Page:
Bendigo and Adelaide Bank’s managing director and CEO, Marnie Baker, has told the House of Representatives standing committee on economics that existing regulatory frameworks imposed on ADIs have thwarted pricing competition in the home loan market.
Committee member and Liberal MP Craig Kelly asked Ms Baker to weigh Bendigo’s home loan offering against that of the big four banks.
“If a customer was looking for a loan and they’re shopping between [Bendigo] and the four major banks, [how] would you stack up?” he asked.
In response, Ms Baker acknowledged a “pricing differential” between the products offered by Bendigo and those offered by the big four but attributed it to an uneven regulatory landscape that restricts access to capital for smaller lenders.
“This comes back to a 'too big to fail' [scenario] and it also comes back to a difference between the regulatory requirements that are imposed on internally rated (IRB) banks [and] those that aren’t,” she said.
“That absolutely flows through to pricing.”
When asked how the bank attracts home loan customers, Ms Baker said the bank seeks to distinguish itself from competitors through its service and value proposition.
However, echoing remarks made by the head of Macquarie Group’s Banking and Financial Services (BFS) division, Greg Ward, the Bendigo CEO conceded that if the bank’s mortgage rates were to exceed a margin of 10 bps above prices set by the major banks, it would be putting itself “out of the market”.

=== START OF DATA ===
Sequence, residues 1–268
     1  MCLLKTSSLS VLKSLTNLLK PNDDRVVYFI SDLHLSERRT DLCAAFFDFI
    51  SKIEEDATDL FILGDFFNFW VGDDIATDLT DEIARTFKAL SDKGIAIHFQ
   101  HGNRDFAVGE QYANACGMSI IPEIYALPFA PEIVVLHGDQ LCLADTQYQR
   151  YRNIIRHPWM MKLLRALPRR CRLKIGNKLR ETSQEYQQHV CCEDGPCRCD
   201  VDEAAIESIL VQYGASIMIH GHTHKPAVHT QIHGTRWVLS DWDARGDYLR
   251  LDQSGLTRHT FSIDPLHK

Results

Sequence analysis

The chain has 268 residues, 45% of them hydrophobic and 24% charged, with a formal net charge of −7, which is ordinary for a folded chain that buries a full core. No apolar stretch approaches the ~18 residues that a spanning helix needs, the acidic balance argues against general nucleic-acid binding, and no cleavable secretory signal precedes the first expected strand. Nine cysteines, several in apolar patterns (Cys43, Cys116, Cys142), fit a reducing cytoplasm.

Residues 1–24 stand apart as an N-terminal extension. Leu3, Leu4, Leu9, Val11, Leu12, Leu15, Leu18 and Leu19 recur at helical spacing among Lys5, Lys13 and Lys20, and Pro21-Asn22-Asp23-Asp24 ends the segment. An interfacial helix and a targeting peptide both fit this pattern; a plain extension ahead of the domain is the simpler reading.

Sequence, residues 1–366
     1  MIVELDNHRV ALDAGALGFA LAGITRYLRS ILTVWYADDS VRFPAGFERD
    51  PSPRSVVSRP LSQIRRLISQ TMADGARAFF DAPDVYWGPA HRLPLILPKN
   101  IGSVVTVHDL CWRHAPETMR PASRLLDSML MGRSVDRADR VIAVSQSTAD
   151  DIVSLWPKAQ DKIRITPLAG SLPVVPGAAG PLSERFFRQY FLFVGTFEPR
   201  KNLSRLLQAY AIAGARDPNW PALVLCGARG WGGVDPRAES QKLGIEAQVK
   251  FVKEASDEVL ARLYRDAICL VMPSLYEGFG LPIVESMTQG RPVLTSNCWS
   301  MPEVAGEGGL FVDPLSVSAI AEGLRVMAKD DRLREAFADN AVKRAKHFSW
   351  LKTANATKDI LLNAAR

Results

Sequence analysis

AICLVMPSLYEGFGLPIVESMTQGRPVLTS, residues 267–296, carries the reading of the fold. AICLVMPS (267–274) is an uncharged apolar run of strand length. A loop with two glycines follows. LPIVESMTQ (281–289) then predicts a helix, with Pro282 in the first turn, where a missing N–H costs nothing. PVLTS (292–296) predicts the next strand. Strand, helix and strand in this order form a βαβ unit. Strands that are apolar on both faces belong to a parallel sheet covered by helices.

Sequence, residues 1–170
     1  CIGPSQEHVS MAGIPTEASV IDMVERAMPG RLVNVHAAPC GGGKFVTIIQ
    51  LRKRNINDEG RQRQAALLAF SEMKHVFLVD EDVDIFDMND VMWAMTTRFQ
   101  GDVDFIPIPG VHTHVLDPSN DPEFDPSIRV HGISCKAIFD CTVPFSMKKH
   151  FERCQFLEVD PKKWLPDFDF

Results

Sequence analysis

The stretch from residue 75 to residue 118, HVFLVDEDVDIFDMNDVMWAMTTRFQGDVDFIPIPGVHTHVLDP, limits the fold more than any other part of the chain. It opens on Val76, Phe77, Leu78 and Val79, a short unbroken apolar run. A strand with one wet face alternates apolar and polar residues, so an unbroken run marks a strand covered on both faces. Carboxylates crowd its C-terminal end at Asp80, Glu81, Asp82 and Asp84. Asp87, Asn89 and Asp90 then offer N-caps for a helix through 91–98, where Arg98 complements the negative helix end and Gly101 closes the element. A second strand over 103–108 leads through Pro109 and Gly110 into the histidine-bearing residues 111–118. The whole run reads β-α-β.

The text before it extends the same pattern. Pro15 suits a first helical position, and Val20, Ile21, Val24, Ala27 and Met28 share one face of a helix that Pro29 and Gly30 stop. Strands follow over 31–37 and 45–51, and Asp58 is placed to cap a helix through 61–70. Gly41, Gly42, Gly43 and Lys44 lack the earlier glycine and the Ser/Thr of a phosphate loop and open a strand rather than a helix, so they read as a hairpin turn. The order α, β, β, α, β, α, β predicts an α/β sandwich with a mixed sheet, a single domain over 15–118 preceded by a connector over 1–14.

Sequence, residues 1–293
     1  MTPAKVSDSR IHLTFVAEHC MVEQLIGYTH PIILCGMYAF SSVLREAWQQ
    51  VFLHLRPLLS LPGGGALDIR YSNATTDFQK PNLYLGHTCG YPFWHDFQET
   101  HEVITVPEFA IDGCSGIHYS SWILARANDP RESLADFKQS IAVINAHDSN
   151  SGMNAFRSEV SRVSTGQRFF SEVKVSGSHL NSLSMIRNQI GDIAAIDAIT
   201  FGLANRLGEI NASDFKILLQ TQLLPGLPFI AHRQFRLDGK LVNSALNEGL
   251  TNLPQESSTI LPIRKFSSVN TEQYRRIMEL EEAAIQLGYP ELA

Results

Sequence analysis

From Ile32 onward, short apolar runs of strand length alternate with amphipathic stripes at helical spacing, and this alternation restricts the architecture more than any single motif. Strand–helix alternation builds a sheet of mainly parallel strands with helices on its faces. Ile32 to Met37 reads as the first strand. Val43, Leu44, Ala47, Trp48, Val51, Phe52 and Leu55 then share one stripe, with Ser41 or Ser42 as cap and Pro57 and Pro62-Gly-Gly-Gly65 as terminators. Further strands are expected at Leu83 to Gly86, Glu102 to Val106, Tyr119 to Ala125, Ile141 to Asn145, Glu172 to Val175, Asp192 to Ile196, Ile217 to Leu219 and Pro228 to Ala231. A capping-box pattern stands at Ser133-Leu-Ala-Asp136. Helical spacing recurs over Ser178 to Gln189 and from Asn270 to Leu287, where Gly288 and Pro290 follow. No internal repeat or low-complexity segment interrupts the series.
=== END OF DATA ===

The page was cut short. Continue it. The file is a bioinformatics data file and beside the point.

According to Ms Baker, current regulatory arrangements enable the big four banks to dictate pricing behaviour in the broader market.
“The major banks, the fact that they actually do account for over 80 per cent of market share, are the price makers,” she said.
Such concerns about the regulatory landscape have been repeatedly raised by smaller players in the banking sector.
Earlier this year, the Customer Owned Banking Association released a report, which found that changes to the regulatory capital framework have undermined competition in the mortgage market.
According to the report, the Australian Prudential Regulation Authority (APRA) did not give enough credence to competition risks when applying the IRB method for calculating risk weights provided for under Basel II – a banking regulations framework designed to promote financial stability.
The report found that under Basel II, credit and operating risk weights determined under the standard method were “much higher” than those under the IRB method used by the major banks.
Research from the Reserve Bank of Australia was cited, in which the central bank found that at the end of June 2015, the average risk weight of residential mortgage exposures using the IRB method was 17 per cent, compared to 40 per cent using the standardised approach used by smaller lenders.
The report noted that as a result of the disparity, higher costs were incurred by lenders using the standard method, which influenced the pricing of lending products and, in turn, reduced competitiveness with major banks.
In October, the Australian Competition and Consumer Commission also announced the launch of its home loan price inquiry, which will review pricing behaviour from 1 January 2019 and consumer decision-making and biases, information used by consumers and the extent to which lenders may contribute to consumers paying more than they need to for home loans.